Novel feed resources

Research & Innovation is continuously offering promising emerging or underused feed resources (insects, algae, single cell protein, processed animal proteins), which may make a contribution for the sustainable development of the EU feed chain. Their potential use does require a comprehensive risk-assessment before any decision to allow their introduction in the feed chain.

The increasing global demand for food of animal origin and the development of new processing technology for non-feed/food uses for crops, provides a strong incentive for feed manufacturers to test alternative resources which have not (yet) been fully explored. This includes a wide product range including former foodstuffs, algae, insects and a larger variety of other co-products from different food and non-food industries.

A key prerequisite for any potential feed use of such products is the establishment of detailed risk-profiles. FEFAC recommends to all chain partners and research institutes to carry out comprehensive risk assessments to ensure that the safety status can be guaranteed at each stage of the chain. National Risk Assessments bodies and EFSA can play a very important role in the process of establishing the risk profiles of these novel or alternative feed resources, as was the case in 2015 for the safety of insects as animal feed.

Other feed resources have been subject to legal prohibitions at a certain point in time, due to unmanageable risks. This is the case in particular of certain Processed Animal Proteins whose use in food producing animals were banned in 2001 in the wake of the BSE crisis. FEFAC remains supportive of a stepwise lifting of the EU feed ban, based on positive risk assessments delivered by EFSA. The re-authorisation of pig PAPs in poultry feed and vice-versa is listed among the policy initiatives of the EU Farm To Fork strategy, as the next step after their re-authorisation in fish feed in 2013.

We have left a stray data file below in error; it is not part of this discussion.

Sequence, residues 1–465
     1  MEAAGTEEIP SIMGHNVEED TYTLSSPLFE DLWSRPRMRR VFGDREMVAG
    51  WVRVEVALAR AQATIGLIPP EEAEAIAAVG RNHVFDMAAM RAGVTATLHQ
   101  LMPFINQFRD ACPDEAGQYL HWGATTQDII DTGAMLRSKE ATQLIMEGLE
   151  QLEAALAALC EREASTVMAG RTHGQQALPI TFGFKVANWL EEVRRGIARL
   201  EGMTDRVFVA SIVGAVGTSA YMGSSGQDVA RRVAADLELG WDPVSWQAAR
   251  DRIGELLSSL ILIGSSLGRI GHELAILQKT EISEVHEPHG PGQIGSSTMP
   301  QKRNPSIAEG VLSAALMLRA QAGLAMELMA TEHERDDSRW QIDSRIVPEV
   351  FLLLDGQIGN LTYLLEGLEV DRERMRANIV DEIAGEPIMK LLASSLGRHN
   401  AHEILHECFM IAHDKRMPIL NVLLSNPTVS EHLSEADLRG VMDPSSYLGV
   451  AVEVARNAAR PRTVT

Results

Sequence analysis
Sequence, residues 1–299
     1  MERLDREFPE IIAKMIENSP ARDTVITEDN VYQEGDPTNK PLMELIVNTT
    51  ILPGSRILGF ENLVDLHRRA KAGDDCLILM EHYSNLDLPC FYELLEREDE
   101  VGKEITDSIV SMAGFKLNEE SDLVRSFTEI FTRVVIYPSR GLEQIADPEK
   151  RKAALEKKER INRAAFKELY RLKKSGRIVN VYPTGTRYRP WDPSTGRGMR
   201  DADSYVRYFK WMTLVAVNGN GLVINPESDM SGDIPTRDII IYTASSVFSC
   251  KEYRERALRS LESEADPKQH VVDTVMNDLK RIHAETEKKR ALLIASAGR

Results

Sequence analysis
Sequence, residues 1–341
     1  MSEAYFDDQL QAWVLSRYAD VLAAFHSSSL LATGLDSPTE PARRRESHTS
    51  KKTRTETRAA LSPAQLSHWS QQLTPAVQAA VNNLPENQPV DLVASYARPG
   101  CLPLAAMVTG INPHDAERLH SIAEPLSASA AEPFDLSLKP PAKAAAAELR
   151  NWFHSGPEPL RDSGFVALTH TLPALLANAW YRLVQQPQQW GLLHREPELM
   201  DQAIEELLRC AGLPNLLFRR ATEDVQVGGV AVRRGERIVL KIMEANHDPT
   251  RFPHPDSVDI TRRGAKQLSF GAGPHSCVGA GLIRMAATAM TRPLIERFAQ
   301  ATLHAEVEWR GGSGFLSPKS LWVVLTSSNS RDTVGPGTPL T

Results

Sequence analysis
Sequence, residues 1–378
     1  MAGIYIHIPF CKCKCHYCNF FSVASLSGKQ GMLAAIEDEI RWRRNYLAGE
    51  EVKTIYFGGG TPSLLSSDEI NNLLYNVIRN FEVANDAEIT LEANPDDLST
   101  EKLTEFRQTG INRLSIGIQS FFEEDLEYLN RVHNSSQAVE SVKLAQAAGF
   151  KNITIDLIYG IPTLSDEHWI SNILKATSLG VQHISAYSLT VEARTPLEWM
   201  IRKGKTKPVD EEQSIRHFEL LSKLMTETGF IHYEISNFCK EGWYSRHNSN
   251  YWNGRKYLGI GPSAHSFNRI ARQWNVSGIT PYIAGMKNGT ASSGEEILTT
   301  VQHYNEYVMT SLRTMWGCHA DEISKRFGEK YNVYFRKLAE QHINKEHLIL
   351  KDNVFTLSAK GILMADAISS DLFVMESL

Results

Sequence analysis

Based on this experience with fish feed, FEFAC shared its technical impact assessment with the EU Commission services, highlighting three important parameters that will weigh on the ability of the feed industry to re-use these PAPs:

  • The acceptance by downstream partners of the chain, from livestock farmers to consumers;
  • The legal requirements in terms of specialization of production lines (e.g. feed mills using PAPs from poultry in pig feed should produce neither ruminant nor poultry feed);
  • The calibration of analytical control tools, considering in particular the use of DNA as an indicator of presence of prohibited PAPs, although DNA can be also present in lawfully permitted products such as milk.

Other feed resources continue to remain prohibited today in the EU for use in feed for food-producing farm animals and fish. This is the case of the use of  ruminant processed animal proteins and catering waste, so-called swill feeding. Swill feeding practices still allowed outside of the EU are considered a significant pathway for the spread of viruses such as African Swine Fever, and Classical Swine fever next to direct contamination by wild animals. This ban was introduced in 2002 in the EU and has been by far the most effective measure taken in the EU to avoid dissemination of viruses via the feed route.